A group of property and business owners under threat of annexation along East College Avenue plan to start tidying up the area this month with the help of a county commissioner.
On Feb. 27 commissioner Kathie Gannon will join on a small group of business owners who have protested several state representatives’ plans to annex a tract of unincorporated DeKalb County sitting between Decatur and Avondale Estates. The proposal would essentially bring Decatur’s borders east and Avondale Estates’ borders west along the small stretch of commercial property, making Sam’s Crossing the new border.
Gannon and other county officials protested the annexation proposal – spearheaded by Avondale Estates state Rep. Stephanie Stuckey Benfield – earlier this month, claiming the annexation would drain the county’s already depleted commercial tax base. Under the current proposal, Decatur would absorb about 10 businesses and Avondale Estates would take 22. Benfield said she is pursuing the annexation to better control the appearance of what she says are blighted properties along the industrial tract.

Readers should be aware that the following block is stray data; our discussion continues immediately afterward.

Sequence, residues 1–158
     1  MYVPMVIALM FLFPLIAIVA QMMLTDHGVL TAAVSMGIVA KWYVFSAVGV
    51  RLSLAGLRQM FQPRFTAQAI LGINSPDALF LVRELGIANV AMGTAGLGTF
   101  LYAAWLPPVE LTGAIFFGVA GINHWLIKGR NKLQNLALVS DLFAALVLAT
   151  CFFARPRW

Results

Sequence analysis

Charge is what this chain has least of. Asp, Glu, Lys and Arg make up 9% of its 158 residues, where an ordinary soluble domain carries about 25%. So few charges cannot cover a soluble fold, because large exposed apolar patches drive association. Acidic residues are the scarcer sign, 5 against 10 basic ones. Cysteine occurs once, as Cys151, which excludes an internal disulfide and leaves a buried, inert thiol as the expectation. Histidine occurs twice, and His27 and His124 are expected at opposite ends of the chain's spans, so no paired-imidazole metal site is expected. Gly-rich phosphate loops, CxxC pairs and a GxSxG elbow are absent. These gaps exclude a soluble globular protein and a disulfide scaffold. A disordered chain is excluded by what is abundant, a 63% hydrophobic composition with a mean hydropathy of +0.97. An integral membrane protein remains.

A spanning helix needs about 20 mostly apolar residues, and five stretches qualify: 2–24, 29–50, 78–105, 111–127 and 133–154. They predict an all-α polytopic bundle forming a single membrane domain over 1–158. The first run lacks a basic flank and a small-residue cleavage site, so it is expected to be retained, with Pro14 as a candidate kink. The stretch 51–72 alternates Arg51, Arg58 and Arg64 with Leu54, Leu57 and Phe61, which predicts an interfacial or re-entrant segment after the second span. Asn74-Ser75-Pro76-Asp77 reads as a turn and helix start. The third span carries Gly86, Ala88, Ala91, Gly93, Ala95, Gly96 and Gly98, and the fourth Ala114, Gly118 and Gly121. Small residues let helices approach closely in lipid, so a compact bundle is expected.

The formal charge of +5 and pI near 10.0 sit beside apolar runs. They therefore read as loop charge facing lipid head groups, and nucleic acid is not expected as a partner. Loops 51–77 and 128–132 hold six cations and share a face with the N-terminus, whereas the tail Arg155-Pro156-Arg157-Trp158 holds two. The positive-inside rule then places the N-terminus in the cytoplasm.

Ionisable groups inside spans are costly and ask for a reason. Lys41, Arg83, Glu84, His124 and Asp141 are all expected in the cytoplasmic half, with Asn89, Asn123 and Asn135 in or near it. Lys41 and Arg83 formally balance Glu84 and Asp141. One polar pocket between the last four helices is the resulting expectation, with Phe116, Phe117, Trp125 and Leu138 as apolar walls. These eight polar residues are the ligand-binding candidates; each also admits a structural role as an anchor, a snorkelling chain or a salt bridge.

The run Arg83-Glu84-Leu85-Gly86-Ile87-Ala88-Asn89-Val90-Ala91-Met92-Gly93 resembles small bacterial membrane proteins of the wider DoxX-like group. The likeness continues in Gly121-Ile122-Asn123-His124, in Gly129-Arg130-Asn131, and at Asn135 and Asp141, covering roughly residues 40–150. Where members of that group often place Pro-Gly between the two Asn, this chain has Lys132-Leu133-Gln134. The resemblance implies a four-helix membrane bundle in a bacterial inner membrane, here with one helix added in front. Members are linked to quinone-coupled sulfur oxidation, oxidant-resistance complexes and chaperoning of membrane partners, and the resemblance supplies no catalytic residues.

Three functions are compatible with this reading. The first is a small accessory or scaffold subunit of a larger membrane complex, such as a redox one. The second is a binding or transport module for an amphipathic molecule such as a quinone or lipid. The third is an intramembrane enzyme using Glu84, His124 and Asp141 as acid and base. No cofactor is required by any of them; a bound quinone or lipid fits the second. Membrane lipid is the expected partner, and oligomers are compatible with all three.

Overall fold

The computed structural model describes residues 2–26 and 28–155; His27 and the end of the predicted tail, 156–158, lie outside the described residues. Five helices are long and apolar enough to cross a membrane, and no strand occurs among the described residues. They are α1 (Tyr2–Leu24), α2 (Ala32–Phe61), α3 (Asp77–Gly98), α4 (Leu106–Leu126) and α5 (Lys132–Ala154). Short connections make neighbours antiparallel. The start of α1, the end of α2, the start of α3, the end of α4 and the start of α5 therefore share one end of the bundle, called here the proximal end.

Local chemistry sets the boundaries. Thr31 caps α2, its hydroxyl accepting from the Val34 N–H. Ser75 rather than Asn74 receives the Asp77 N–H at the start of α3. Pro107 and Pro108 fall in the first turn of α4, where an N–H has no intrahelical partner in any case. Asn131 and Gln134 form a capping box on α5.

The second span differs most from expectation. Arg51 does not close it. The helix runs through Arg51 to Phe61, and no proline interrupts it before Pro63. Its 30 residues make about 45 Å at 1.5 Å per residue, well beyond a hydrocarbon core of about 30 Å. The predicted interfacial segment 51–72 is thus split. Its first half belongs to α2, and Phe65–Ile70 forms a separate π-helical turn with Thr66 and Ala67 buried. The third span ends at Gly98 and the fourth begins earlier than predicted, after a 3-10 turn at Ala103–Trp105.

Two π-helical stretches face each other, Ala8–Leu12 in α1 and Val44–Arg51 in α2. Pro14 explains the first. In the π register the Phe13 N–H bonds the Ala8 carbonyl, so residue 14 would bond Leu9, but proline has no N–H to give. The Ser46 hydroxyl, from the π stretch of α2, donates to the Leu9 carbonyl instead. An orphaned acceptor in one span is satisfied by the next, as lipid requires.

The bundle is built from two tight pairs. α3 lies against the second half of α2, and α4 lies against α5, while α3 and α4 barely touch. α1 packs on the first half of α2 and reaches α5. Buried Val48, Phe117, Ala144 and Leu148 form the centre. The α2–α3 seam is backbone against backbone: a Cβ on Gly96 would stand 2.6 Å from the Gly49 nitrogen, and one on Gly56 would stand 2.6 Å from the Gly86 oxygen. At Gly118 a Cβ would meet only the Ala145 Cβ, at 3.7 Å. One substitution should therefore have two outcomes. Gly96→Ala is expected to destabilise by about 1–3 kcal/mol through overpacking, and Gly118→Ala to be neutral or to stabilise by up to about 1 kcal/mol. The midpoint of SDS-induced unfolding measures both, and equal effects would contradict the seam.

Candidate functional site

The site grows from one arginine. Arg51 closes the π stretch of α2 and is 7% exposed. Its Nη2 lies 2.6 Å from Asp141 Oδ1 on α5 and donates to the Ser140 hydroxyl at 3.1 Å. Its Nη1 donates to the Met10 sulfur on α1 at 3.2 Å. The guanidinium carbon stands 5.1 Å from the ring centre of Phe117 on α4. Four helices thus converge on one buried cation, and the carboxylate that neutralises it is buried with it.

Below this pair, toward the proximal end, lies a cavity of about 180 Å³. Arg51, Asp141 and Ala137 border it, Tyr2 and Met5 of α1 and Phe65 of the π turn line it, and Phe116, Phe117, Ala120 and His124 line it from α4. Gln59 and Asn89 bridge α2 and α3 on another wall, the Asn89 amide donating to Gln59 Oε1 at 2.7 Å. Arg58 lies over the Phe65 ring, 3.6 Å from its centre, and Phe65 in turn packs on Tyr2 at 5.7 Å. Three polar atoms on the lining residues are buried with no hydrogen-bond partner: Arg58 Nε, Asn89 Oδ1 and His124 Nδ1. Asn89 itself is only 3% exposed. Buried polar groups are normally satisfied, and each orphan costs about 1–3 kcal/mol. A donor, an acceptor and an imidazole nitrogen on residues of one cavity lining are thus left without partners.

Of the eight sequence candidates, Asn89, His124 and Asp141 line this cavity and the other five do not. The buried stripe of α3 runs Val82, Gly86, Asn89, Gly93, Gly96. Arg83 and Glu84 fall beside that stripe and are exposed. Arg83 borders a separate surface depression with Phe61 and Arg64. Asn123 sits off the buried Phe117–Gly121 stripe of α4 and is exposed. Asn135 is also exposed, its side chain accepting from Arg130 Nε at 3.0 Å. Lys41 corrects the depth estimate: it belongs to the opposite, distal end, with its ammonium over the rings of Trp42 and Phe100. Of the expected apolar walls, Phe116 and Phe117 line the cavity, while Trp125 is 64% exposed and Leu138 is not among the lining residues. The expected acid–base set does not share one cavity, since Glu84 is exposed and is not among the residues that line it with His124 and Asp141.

Peggy Gargiulo, one of the property owners, wants to prevent that.
“We’ll be doing any kind of things that we can physically do and make a difference in terms of appearance,” she said. “Every single issue we can address, and there should be no reason for annexation.”
Gargiulo said she and several other business owners have created a list of improvements to businesses along the street that leads into Avondale Estates’ Tudor-themed gateway. That includes picking up trash, tearing away decrepit fencing and repainting some businesses’ exteriors.
Benfield told The Champion earlier this month that her annexation effort stalled after one of the representatives she needed to put the issue to a vote on the House floor pulled her signature – one of 10 Benfield needed to put the measure before the General Assembly.
Gargiulo said Benfield still has plans to push the proposal through and continues to lobby for the final signature. She said she’s hoping to make that unnecessary. “We want to be supportive. We want to be proactive. We want to make a difference,” she said. “We want to do what they want, but we don’t have to be annexed in Avondale to do that.”